New method to identify inks could help preserve historical documents

The inks on historical documents can hold many secrets. Its ingredients can help trace trade routes and help understand a work’s historical significance. And knowing how the ink breaks down can help cultural heritage scientists preserve valuable treasures. Researchers report the development of a new, non-destructive method that can identify many types of inks on various papers and other surfaces.(10.1021/ja5027612)

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Author: Robert Slinn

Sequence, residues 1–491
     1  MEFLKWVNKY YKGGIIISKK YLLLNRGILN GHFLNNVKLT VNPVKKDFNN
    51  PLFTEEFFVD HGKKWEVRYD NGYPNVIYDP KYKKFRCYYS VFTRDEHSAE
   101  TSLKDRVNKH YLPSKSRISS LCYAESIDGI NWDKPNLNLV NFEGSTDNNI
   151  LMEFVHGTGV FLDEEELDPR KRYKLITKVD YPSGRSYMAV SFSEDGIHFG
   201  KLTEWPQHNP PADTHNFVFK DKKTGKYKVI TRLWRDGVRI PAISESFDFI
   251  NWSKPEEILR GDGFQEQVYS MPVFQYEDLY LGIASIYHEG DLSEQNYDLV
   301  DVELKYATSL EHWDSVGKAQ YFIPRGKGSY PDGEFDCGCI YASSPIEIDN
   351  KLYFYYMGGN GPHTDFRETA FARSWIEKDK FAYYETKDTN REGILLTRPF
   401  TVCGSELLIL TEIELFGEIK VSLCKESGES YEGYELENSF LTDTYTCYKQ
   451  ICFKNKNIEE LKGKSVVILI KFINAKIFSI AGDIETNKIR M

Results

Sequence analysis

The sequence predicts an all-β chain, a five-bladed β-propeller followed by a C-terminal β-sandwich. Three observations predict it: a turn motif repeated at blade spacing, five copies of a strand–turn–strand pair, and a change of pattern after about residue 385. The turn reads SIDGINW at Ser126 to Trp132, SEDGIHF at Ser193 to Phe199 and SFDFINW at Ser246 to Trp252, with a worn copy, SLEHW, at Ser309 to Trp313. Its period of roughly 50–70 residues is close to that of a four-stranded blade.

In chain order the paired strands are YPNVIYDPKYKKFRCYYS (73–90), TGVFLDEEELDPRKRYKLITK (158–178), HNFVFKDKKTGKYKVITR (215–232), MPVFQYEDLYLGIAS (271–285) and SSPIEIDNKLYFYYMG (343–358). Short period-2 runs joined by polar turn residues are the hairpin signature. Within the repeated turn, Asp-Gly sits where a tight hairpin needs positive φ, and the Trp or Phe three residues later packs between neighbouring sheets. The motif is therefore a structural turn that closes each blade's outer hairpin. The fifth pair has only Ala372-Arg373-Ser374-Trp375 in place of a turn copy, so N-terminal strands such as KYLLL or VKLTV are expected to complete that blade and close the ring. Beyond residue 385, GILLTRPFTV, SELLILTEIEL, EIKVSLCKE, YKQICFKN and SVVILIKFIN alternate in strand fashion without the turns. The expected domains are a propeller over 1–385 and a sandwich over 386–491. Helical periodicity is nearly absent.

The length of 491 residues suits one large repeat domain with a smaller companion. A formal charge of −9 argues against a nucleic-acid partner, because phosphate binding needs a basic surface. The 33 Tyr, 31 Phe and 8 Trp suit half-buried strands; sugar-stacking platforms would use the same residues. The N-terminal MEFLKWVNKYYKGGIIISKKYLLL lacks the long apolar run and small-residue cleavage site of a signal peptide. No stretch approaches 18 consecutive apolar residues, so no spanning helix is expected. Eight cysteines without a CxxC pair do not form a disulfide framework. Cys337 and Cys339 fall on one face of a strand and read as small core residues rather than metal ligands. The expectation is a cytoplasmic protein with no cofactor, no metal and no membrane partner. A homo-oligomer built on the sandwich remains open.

Robert Slinn is ChemSpy's guest columnist. You can read his chemical news updates under the banner "Slinn Pickings". Robert is a Chartered Chemist (CChem), Member of the Royal Society of Chemistry (MRSC) and is a Visiting Researcher in the Department of Chemistry at the University of Liverpool. He has extensive experience in R&D: synthesis, analysis and analytical methods development; troubleshooting, consultancy, and teaching/training methods in industry and in academia. Robert is also 'Physical Methods' author for the Specialist Periodical Report series 'Organophosphorus Chemistry', published by Royal Society of Chemistry, Cambridge, UK. Robert has worked alongside David on the Bedside Book of Chemistry and a major Thomson-Reuters report on the state of the pharmaceutical industry for the 2011 International Year of Chemistry